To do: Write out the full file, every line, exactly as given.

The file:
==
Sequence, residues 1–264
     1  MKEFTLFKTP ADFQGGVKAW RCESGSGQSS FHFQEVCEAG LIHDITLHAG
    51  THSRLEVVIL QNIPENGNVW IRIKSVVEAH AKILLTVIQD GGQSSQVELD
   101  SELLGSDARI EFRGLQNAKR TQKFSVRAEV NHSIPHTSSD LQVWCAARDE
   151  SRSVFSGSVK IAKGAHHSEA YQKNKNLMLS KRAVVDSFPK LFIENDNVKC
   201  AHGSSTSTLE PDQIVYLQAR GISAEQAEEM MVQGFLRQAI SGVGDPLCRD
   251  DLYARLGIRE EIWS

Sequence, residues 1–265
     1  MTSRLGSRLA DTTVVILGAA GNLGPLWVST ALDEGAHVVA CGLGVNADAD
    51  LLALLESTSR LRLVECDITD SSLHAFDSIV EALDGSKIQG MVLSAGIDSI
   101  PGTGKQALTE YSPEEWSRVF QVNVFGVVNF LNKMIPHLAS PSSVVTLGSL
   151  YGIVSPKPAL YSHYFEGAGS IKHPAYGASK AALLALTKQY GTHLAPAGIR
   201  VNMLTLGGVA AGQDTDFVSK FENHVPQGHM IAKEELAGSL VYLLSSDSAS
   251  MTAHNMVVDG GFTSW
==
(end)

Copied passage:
Sequence, residues 1–264
     1  MKEFTLFKTP ADFQGGVKAW RCESGSGQSS FHFQEVCEAG LIHDITLHAG
    51  THSRLEVVIL QNIPENGNVW IRIKSVVEAH AKILLTVIQD GGQSSQVELD
   101  SELLGSDARI EFRGLQNAKR TQKFSVRAEV NHSIPHTSSD LQVWCAARDE
   151  SRSVFSGSVK IAKGAHHSEA YQKNKNLMLS KRAVVDSFPK LFIENDNVKC
   201  AHGSSTSTLE PDQIVYLQAR GISAEQAEEM MVQGFLRQAI SGVGDPLCRD
   251  DLYARLGIRE EIWS

Sequence, residues 1–265
     1  MTSRLGSRLA DTTVVILGAA GNLGPLWVST ALDEGAHVVA CGLGVNADAD
    51  LLALLESTSR LRLVECDITD SSLHAFDSIV EALDGSKIQG MVLSAGIDSI
   101  PGTGKQALTE YSPEEWSRVF QVNVFGVVNF LNKMIPHLAS PSSVVTLGSL
   151  YGIVSPKPAL YSHYFEGAGS IKHPAYGASK AALLALTKQY GTHLAPAGIR
   201  VNMLTLGGVA AGQDTDFVSK FENHVPQGHM IAKEELAGSL VYLLSSDSAS
   251  MTAHNMVVDG GFTSW